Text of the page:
Topography of burials and intracemetery craniological polymorphism in the sample from the rural medieval burial ground from Lower Volga region (Nizhnyaya Studenka–Iтезисы доклада

Дата последнего поиска статьи во внешних источниках: 29 мая 2015 г.

Работа с тезисами доклада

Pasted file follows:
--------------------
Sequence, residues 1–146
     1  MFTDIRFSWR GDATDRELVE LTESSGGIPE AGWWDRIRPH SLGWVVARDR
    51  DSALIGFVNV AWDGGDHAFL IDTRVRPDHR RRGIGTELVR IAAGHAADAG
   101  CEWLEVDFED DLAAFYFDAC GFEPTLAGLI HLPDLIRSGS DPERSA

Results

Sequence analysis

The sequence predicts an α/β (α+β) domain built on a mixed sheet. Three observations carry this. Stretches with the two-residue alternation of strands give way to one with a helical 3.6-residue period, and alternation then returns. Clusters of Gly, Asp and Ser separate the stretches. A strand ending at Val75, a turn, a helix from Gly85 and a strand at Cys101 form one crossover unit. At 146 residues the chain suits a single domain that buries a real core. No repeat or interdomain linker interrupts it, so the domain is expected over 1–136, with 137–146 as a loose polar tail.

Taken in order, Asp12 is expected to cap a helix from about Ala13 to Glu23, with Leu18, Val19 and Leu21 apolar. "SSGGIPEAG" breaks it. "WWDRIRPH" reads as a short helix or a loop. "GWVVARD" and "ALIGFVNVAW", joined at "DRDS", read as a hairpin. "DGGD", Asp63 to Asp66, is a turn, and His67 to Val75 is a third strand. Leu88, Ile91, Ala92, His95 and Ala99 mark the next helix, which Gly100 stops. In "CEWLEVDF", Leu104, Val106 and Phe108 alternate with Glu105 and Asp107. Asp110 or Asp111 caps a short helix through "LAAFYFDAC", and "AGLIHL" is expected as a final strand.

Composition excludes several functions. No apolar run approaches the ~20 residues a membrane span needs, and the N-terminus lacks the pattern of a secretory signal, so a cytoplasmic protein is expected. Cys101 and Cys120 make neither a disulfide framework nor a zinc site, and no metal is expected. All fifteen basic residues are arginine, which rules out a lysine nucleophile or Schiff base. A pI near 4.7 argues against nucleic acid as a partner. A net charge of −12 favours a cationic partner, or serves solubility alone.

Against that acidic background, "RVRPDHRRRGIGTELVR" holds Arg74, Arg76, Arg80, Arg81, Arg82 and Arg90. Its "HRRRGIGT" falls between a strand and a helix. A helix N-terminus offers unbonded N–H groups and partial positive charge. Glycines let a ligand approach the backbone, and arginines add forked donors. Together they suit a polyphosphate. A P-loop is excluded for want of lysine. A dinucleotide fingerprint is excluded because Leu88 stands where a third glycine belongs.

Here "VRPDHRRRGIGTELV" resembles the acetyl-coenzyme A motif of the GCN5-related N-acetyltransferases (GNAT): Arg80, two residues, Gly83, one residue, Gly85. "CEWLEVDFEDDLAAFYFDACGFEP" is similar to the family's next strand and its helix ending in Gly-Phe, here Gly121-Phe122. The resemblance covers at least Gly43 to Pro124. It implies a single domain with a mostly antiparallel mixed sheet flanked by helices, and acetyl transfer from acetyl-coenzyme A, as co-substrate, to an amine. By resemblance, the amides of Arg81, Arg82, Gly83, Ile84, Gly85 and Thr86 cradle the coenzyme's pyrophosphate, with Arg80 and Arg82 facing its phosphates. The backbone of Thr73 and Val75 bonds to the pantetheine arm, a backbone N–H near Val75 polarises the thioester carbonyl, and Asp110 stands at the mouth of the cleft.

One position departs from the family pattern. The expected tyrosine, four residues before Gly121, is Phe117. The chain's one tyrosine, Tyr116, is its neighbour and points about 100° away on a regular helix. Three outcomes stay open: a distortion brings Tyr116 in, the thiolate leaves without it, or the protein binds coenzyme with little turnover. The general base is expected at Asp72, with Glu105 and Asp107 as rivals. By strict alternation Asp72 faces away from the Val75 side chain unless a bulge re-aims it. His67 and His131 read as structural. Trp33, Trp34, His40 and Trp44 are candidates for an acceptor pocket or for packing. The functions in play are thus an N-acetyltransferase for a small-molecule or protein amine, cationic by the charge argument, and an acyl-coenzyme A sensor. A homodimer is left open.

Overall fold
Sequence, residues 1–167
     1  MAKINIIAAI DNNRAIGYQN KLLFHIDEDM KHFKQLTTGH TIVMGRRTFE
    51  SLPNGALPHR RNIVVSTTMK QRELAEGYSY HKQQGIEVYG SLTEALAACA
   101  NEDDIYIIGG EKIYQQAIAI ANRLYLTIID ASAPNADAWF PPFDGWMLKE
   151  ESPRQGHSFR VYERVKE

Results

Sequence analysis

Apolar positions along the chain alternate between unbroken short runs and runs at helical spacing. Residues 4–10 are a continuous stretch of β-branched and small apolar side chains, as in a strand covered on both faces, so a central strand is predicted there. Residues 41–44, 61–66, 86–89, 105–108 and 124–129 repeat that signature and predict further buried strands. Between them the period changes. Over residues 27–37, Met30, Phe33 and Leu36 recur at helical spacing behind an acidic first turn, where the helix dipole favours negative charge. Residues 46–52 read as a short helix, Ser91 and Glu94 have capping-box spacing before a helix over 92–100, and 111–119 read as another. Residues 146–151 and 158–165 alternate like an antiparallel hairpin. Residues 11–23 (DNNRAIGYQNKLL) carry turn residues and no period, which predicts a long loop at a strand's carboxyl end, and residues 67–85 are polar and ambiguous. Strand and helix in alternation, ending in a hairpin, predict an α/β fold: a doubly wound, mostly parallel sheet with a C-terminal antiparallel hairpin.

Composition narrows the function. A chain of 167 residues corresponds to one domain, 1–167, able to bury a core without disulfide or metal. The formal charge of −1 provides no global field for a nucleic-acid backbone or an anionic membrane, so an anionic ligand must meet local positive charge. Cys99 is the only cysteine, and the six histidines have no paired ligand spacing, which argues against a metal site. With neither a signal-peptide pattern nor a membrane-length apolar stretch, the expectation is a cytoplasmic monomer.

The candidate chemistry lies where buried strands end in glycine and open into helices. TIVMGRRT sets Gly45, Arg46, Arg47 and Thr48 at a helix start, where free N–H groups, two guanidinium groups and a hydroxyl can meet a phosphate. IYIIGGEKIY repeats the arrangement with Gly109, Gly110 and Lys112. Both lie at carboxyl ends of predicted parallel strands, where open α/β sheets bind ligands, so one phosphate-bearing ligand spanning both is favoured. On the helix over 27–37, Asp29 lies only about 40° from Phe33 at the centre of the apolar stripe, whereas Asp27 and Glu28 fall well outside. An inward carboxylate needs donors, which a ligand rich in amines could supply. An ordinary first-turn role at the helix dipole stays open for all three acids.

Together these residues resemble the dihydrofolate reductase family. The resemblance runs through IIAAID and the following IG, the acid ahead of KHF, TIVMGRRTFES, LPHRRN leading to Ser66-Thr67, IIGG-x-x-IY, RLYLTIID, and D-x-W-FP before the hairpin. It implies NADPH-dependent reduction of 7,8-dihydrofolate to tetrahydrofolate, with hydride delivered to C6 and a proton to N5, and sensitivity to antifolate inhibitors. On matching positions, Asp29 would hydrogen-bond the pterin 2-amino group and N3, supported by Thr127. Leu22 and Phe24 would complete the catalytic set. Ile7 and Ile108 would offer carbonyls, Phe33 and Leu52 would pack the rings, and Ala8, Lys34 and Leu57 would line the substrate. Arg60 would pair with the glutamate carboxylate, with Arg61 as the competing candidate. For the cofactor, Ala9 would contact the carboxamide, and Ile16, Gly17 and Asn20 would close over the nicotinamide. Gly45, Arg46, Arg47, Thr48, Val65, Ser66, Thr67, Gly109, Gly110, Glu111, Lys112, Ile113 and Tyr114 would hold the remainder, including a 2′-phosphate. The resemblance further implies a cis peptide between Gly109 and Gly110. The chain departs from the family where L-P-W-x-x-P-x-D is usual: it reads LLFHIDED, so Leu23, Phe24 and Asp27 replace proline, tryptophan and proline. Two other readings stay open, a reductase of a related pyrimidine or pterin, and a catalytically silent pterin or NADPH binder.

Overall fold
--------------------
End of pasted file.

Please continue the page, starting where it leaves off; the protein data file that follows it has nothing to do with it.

[1] Evteev A. A., Kovalevskaya V. B. Topography of burials and intracemetery craniological polymorphism in the sample from the rural medieval burial ground from lower volga region (nizhnyaya studenka–i // Abstracts of 16th Annual Meeting of the European Association of Archeologists. — The Hague, 2010. — P. 104–104. We have analyzed links between burial’s arrangement and craniological polymorphism in the skeletal sample from a medieval burial ground Nizhnyaya Studenka–I from the Lower Volga (dated XIII-XIV centuries AD, Golden Horde period). Intragroup craniological variation has been described by principal components analysis (PCA) and topographical plan of the burial ground has been used as a source of archeological information since burial context was throughout uniform. Burials were single, without artifacts, with south-west orientation of the head of the deceased, wooden coffins of peculiar construction were used. There are no evidences of neither Christian nor Islamic traditions in the burial context. First step of the study was PCA of 15 craniometric traits of male crania of the sample. Measurements were mostly Martin’s and represented both neurocranium and facial skeleton, but not mandible. Scatterplot graphic of the first two PC reveals four very clearly discernible clusters of individual points. These morphological “types” have strong differences between each other in the neurocranial shape, facial size and shape and nasal protrusion. Then burials from which all the analyzed crania have come were marked on the topographical plan of the cemetery. It became clear that just representatives of “type 4” were placed on the plan relatively randomly but others tended to locate close to the representatives of the same “type”. Nearly the same clusters we saw on the PCA scatterplot appear quite clearly on the plan of the burial ground. There may be several explanations of that finding: 1) kinship structure of the population; 2) presence of several groups of different origin in the population; 3) temporal dynamic of the population and use of different parts of cemetery in different time periods. We suppose the last two points more realistic since morphological differences are too strong to be explained by kinship structure alone.

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